Tour du Mont Blanc fini. Hello, lie-in, I thought. Alas, it’s not to be: I wake up at half six, sans alarm clock. (Trust me, there’s no chance of me waking up at that hour without an alarm these days.) I doze for another couple of hours; half-eight is a bit more like it. Time for a spot of pastry-hunting. There’s no shortage of boulangeries and cafés to try in Chamonix, but we opt for tried-and-tested Le Fournil Chamoniard. I chomp my way through a pain aux raisins; Laurence opts for a croix de Savoie myrtille (a cross-shaped pastry, filled with crème pâtissière and blueberries) and a café au lait.
Before setting off on the Tour du Mont Blanc, we had a couple of days in Geneva and Les Houches to relax, stock up on supplies (long time no see, BN Biscuits!) and squeeze in a short hike up Col de la Forclaz.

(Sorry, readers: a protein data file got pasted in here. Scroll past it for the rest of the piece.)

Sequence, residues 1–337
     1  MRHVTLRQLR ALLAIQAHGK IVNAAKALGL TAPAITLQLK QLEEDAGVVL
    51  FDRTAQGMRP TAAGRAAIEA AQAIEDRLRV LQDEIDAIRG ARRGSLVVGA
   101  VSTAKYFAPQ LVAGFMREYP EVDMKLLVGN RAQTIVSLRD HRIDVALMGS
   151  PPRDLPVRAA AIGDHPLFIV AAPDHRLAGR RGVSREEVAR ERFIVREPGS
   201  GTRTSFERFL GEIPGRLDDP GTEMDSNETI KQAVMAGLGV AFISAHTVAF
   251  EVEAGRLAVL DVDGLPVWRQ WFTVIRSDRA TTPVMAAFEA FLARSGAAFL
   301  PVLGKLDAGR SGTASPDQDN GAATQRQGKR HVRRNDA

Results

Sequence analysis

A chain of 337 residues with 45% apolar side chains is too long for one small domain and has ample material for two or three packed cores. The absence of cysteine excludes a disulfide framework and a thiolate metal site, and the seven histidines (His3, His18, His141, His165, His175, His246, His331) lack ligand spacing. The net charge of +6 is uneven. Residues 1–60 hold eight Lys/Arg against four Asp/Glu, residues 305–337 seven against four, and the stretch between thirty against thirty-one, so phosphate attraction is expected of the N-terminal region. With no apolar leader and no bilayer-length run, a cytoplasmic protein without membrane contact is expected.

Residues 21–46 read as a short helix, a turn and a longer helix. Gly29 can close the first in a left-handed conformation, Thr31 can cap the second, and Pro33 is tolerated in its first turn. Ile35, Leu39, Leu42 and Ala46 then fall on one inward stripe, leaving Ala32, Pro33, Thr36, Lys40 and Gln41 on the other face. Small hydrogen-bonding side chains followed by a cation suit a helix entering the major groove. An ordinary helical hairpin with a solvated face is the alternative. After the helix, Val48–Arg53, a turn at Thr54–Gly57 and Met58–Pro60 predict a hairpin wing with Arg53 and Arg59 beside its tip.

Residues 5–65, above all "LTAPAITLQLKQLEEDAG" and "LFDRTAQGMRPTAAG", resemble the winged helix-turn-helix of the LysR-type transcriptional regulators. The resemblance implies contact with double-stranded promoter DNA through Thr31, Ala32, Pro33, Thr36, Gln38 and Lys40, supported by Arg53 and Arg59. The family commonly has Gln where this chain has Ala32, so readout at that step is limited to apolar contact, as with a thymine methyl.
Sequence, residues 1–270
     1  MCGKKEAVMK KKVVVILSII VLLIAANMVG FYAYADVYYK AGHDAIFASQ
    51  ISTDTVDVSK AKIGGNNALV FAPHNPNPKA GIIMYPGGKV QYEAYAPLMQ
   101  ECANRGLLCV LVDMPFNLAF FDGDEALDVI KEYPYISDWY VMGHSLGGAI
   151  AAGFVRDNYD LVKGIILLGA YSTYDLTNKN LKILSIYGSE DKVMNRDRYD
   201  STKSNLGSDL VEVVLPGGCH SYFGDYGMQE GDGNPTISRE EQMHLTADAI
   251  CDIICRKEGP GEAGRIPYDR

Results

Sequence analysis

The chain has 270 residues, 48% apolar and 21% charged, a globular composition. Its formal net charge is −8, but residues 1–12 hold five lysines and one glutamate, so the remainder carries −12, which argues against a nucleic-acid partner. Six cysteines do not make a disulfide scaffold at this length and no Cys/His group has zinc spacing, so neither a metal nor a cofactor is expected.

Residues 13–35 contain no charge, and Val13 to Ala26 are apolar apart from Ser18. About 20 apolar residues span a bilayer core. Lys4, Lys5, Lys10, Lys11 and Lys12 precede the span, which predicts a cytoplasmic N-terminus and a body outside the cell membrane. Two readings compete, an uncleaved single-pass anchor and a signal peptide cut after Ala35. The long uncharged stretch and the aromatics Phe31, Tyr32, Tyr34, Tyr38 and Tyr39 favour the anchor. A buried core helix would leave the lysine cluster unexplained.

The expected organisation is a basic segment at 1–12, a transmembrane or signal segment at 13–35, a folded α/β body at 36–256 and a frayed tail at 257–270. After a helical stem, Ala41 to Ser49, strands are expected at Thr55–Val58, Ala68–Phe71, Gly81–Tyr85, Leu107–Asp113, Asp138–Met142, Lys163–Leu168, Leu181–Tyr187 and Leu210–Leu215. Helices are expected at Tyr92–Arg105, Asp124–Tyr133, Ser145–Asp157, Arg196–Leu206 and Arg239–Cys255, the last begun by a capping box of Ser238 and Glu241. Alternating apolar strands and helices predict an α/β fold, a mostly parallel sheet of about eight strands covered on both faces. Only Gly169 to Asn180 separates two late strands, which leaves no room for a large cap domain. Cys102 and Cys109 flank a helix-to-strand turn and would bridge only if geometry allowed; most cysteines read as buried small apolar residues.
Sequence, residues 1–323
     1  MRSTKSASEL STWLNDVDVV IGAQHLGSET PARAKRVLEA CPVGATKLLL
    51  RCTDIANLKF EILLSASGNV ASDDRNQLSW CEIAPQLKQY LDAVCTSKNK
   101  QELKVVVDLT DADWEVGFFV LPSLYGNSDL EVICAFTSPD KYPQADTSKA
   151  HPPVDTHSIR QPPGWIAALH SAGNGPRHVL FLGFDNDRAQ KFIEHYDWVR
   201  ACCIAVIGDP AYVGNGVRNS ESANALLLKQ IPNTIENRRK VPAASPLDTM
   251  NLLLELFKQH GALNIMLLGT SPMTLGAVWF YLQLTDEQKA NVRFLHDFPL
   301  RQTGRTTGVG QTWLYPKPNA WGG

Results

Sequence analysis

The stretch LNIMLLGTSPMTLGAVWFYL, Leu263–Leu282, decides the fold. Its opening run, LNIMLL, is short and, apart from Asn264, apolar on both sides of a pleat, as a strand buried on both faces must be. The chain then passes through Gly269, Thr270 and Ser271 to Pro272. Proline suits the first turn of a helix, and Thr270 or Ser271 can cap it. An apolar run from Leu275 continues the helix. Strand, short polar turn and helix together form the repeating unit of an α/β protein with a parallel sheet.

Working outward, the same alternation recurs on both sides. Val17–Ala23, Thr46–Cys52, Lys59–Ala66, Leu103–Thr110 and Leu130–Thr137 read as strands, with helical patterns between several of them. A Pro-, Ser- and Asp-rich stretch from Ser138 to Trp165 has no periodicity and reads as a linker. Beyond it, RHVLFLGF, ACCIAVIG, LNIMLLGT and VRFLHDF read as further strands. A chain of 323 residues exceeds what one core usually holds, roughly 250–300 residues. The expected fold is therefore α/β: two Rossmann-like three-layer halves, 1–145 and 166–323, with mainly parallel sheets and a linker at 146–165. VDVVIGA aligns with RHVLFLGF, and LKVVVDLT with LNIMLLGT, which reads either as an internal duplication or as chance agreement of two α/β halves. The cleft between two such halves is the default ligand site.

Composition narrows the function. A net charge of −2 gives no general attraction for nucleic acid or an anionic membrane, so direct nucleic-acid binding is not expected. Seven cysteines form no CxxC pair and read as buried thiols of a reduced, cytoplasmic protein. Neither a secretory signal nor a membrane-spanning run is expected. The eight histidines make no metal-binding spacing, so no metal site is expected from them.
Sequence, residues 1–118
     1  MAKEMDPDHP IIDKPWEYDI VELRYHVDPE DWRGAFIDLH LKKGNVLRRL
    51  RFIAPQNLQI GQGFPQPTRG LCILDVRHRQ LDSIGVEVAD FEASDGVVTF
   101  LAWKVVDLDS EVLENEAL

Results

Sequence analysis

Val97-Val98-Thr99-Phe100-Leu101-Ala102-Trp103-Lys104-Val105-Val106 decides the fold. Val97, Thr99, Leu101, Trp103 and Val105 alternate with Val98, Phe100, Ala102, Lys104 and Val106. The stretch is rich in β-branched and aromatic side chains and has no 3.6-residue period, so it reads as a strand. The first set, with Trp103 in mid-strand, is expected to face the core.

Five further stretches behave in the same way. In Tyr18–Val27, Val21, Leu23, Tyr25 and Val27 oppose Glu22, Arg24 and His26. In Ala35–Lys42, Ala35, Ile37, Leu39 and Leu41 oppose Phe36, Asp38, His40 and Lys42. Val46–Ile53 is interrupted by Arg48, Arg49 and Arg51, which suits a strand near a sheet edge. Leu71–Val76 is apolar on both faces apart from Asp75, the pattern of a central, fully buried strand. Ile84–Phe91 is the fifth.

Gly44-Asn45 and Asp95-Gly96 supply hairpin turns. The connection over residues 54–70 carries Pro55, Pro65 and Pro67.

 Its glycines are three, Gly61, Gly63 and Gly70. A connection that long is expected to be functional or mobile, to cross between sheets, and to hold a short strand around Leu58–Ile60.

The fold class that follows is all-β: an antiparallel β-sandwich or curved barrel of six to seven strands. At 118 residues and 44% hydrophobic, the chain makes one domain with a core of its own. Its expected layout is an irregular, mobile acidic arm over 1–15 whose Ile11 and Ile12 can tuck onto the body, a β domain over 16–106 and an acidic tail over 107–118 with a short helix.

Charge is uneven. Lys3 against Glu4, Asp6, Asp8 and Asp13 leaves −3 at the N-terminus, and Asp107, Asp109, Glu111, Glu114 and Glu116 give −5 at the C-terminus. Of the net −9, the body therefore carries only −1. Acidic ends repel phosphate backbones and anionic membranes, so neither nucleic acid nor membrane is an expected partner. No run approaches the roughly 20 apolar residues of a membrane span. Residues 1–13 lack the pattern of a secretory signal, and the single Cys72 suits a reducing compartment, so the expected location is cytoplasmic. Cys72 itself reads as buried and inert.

Overlooking Geneva is the majestic Mont Salève. It’s not actually in Switzerland at all; it’s firmly in France, just across the Franco-Swiss border. Its limestone cliffs are the backdrop to an already picture-perfect Swiss city, and the views from the top are breath-taking. I’d seen them before, but was only too happy to see them again.
Hugging the southern shoreline of Lac Léman (more commonly referred to as Lake Geneva), Switzerland’s second most populous city is a melting pot of cultures, global organisations and languages. Cosmopolitan Geneva is the perfect size for a weekend break – or in our case, a mid-week break – and despite Switzerland’s reputation for being an expensive place to visit, there are plenty of low-cost attractions for those travelling on a shoestring.